Akava: Government Programme weakens the position of employees and increases uncertainty

Akava considers the Government Programme unbalanced in terms of labour market issues. With the policy statements made in the programme, the new Government is turning its back on joint efforts to improve working life. Measures that will materially weaken employees’ rights raise concern among the younger generation entering the labour market, causing increased insecurity, Akava notes.


“The policy statements regarding working life in the Government Programme undermine the stability of the labour market, hold back job growth and economic growth and make it more difficult to cope at work. The culture of co-operation and bargaining, which we would have liked to strengthen, seems to have been forgotten by those who wrote the Government Programme. The new Government Programme will increasingly bring politics into all labour market negotiations”, says Maria Löfgren, President of Akava.

What the Government Programme proposes on local bargaining would affect the way in which minimum employment conditions will be defined in the future. At the moment, they are based on labour law and national collective agreements.

“We find it extremely regrettable that the changes to local bargaining and limitations to employees’ right to industrial action are being implemented without any counterbalancing elements such as a reform of the mediation system. Without balancing elements, the risks involved in the increased use of local bargaining are too great”, Löfgren underlines.

The Government Programme proposes very few steps to improve well-being at work.

“We suggested an extensive package of measures aimed to improve well-being at work and reduce psychosocial stress, but the programme contains virtually no concrete measures to this effect. We find this short-sighted and fear that we will face more disability and rising disability costs in the future. A reform of the Occupational Safety and Health Act would have been necessary”, Löfgren continues.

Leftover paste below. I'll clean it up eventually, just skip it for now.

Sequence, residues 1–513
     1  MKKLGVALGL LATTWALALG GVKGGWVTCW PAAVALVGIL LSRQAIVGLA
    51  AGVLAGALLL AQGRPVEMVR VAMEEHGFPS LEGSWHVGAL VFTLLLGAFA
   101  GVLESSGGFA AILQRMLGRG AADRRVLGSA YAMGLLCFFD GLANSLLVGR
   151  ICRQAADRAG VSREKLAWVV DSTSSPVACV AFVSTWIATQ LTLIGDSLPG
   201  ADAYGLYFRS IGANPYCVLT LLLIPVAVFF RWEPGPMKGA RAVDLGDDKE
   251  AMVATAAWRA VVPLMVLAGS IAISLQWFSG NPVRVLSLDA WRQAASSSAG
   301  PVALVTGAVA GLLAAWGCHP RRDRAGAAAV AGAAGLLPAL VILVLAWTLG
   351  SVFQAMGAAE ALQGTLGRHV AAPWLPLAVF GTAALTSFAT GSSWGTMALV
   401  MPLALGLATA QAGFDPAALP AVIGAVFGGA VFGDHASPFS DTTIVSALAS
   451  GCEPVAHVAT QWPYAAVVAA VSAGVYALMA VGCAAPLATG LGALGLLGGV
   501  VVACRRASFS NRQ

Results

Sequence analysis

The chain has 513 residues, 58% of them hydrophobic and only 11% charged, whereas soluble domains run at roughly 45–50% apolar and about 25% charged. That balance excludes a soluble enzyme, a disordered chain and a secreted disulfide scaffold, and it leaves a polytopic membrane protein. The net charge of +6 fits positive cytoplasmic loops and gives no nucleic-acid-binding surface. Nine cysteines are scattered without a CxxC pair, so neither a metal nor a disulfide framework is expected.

Cutting unemployment benefits by several hundred million euros is a harsh decision by the Government

“The income cuts affecting the unemployed are too drastic and will not solve the supply-demand mismatch in the labour market. The Government’s policy on combined unemployment insurance is in line with our long-term goals. We also welcome the reform that allows unemployment funds to offer employment services to their customers”, Löfgren says.

According to the Government Programme, the reform of the earnings-related pension scheme will be based on the joint objective of the labour market organisations.

“Decisions on earnings-related pensions must be based on the financial sustainability of the earnings-related pension system and its ability to provide pension cover. Using pensions policy as a tool for balancing public finances is unacceptable”, Löfgren notes.

Increases in student intake and investment in educational quality are required

“Some of the adjustment measures in the Government Programme are targeted at education, training and skills. We want to emphasise that education and training across the board must be catered to”, says Löfgren.

“The Government is committed to raising the level of education, which is essential to increase employment rates and to drive research, development and innovation and the green transition. However, the future remains partly unclear due to the Government Programme’s inability to sufficiently detail the scale or funding of the increases in training volumes. These increases must be fully funded to ensure the quality of education”, Löfgren continues.

More investment in RDI is essential

Akava notes with satisfaction that a decision was made during the government negotiations to continue to increase RDI investments towards 4% of the GDP. It is an ambitious but achievable target, and these investments will improve Finland’s international competitiveness. However, the Government Programme’s position on immigration may reduce Finland’s attraction in the eyes of international talent.

Reducing the taxation of labour is a step in the right direction, as it supports the objectives for improving employment and the conditions for economic growth. However, the scale of reductions is rather modest.

“Discontinuing the tax deductibility of trade union membership fees was on the agenda in the Government Programme negotiations. Together with our affiliates, we lobbied for continued tax deductibility. The union membership fee is a work-related expense, and discontinuing its deductibility would effectively have increased employees’ taxes”, Löfgren says.

More information

Maria Löfgren, President of Akava, tel. +358 (0)40 568 2798